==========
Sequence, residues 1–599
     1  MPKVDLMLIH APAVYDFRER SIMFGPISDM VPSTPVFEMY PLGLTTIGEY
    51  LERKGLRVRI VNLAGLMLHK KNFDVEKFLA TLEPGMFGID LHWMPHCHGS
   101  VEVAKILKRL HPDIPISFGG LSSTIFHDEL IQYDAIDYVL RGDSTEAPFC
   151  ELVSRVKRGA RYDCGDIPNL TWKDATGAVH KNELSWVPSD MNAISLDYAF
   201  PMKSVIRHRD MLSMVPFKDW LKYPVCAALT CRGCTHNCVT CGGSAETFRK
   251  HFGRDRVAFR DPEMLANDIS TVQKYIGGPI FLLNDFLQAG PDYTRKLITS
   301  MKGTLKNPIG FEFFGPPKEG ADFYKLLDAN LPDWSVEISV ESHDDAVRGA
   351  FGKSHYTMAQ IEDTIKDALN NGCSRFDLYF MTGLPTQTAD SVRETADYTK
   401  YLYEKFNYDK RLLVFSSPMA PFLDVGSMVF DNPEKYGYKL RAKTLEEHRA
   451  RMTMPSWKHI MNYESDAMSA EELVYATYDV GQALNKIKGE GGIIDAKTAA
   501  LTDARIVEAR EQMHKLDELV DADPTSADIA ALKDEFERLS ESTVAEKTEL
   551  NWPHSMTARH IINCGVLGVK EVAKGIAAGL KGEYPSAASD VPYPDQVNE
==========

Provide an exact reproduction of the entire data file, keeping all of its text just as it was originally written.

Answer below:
Sequence, residues 1–599
     1  MPKVDLMLIH APAVYDFRER SIMFGPISDM VPSTPVFEMY PLGLTTIGEY
    51  LERKGLRVRI VNLAGLMLHK KNFDVEKFLA TLEPGMFGID LHWMPHCHGS
   101  VEVAKILKRL HPDIPISFGG LSSTIFHDEL IQYDAIDYVL RGDSTEAPFC
   151  ELVSRVKRGA RYDCGDIPNL TWKDATGAVH KNELSWVPSD MNAISLDYAF
   201  PMKSVIRHRD MLSMVPFKDW LKYPVCAALT CRGCTHNCVT CGGSAETFRK
   251  HFGRDRVAFR DPEMLANDIS TVQKYIGGPI FLLNDFLQAG PDYTRKLITS
   301  MKGTLKNPIG FEFFGPPKEG ADFYKLLDAN LPDWSVEISV ESHDDAVRGA
   351  FGKSHYTMAQ IEDTIKDALN NGCSRFDLYF MTGLPTQTAD SVRETADYTK
   401  YLYEKFNYDK RLLVFSSPMA PFLDVGSMVF DNPEKYGYKL RAKTLEEHRA
   451  RMTMPSWKHI MNYESDAMSA EELVYATYDV GQALNKIKGE GGIIDAKTAA
   501  LTDARIVEAR EQMHKLDELV DADPTSADIA ALKDEFERLS ESTVAEKTEL
   551  NWPHSMTARH IINCGVLGVK EVAKGIAAGL KGEYPSAASD VPYPDQVNE